Some leading shipping lines are avoiding grape cargoes because of the damage they have seen to their reefer containers, though, as other lines are now taking these cargoes instead, it seems likely that corrosion will be experienced by them too. Apparently, requests by lines to inspect the loading process at grape shippers have been turned down.
Grapes are not the only cargo linked to interior corrosion. Growth in demand for tropical fruits in Asia has seen the carriage of longans, lychees and durians increase. There are reports of relatively indiscriminate use of SO2 fumigation inside the container with these cargoes, which seems to have triggered corrosion.
Where SO2 has initiated corrosion to aluminium, the corrosion cannot be stopped by cleaning. Cleaning can temporarily remove white oxides and sulphites from the interior, enabling shippers to load cargo, but it does not repair the damage to the metal surfaces, and the white powders reappear after only a few weeks. Applying coatings to the metal is expensive and has not been shown to prevent corrosion.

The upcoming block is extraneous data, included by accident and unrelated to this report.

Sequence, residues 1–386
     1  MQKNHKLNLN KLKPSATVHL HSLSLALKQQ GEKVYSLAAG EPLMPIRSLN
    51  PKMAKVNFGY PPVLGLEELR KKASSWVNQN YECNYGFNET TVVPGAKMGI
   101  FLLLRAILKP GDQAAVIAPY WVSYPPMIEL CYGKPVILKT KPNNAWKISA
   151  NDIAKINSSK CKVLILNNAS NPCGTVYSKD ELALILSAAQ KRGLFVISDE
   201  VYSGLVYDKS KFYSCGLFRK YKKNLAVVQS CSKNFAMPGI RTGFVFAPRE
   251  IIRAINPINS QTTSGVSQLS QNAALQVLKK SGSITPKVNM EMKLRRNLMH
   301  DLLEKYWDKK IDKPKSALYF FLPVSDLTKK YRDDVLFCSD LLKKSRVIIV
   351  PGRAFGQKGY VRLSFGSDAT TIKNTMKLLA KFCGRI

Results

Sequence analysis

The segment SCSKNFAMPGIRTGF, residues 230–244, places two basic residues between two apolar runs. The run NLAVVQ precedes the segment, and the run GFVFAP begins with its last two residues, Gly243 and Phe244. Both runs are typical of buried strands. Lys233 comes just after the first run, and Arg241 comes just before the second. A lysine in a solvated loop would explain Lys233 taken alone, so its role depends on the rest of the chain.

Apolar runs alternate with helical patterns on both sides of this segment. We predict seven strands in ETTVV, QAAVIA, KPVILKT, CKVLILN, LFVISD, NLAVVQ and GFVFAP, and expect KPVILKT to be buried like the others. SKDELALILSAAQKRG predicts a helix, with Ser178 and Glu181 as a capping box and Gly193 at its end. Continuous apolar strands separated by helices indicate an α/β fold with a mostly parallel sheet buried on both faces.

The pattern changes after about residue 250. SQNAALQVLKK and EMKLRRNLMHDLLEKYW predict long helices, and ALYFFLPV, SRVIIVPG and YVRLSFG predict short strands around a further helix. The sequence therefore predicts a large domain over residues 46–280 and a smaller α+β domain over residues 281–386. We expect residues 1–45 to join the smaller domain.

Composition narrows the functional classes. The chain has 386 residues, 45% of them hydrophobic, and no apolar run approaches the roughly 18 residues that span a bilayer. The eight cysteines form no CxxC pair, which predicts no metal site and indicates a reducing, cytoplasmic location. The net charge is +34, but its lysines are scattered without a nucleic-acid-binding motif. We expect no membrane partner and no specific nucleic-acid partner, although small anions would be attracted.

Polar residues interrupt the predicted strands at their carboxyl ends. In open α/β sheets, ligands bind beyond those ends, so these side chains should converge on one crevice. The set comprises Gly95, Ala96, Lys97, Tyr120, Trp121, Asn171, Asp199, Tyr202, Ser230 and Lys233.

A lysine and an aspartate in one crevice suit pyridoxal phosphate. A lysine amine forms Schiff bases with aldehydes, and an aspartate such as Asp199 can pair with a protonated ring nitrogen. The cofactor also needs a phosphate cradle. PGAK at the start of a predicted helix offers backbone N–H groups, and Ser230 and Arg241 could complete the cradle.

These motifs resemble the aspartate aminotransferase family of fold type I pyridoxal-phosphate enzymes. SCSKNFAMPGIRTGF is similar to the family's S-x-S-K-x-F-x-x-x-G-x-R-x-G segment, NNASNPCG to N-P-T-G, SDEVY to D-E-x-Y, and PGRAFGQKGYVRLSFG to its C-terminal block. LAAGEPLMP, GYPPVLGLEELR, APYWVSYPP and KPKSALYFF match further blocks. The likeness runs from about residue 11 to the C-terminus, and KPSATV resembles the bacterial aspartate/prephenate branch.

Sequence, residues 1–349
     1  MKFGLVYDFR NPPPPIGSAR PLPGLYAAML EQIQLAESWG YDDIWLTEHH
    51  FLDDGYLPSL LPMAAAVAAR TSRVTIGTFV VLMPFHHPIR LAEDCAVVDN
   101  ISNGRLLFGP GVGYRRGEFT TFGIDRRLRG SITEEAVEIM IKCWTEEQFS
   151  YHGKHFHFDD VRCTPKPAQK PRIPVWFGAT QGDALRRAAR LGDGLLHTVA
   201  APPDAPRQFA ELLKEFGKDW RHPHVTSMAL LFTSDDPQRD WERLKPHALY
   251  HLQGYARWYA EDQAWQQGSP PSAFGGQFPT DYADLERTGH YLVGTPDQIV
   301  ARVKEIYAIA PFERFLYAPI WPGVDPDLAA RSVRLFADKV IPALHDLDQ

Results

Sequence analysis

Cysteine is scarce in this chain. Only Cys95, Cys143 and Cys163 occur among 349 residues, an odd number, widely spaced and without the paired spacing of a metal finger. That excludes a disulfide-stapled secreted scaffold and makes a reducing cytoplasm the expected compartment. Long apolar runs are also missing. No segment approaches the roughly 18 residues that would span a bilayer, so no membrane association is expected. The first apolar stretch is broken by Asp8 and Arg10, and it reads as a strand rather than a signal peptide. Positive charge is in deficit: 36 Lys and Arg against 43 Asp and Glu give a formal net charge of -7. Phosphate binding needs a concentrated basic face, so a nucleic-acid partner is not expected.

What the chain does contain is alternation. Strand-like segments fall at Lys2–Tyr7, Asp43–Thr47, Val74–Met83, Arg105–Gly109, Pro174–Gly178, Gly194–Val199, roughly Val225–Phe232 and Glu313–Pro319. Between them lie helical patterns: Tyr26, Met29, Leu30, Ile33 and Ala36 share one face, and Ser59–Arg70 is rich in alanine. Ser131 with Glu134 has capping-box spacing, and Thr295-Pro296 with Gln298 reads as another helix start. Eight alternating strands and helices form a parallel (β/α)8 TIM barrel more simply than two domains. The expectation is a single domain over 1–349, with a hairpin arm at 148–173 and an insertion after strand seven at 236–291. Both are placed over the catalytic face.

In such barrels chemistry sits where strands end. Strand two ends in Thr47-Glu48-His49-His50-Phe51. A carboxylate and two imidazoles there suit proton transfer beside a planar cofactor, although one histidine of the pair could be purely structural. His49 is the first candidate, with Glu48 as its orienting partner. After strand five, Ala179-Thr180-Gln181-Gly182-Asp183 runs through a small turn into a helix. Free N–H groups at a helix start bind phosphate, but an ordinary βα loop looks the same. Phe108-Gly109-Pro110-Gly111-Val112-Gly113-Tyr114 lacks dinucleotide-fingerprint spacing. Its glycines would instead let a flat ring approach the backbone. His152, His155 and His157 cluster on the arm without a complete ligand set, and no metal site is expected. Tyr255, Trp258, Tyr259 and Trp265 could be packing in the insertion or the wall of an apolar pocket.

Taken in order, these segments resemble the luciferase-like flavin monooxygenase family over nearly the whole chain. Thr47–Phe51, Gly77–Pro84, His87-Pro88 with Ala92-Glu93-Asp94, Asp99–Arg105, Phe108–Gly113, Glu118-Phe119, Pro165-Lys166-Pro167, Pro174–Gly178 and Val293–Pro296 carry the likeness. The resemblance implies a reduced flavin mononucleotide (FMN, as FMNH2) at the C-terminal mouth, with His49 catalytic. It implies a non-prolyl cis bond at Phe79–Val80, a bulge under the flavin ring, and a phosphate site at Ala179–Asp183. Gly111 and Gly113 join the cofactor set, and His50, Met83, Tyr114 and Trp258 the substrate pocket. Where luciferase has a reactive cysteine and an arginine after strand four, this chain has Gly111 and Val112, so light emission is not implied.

Given that the machinery design and aluminium alloy used inside reefers has not changed for decades, and that interior corrosion was not a significant issue more than five years ago, the conclusion could be drawn that changes to practices by shippers is largely responsible for this issue.
A cooperative dialogue between shippers and shipping lines that carry their cargo would seem essential, as this problem is causing corrosion that costs many thousands of dollars to fully repair, and is clearly an unsustainable situation. Progress is being made on NOR cargo, with the recent publication of guidelines. For carriage of fruit cargoes where fumigation is being used, education will also be required if corrosion is to be eliminated, though it will likely require a change of approach, given the lack of transparency that apparently prevails between the shippers of cargo and the logistics providers investing in the specialist equipment to deliver it....
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This complete item is approximately 1000 words in length, and appeared in the October 2017 issue of WorldCargo News, on page 26.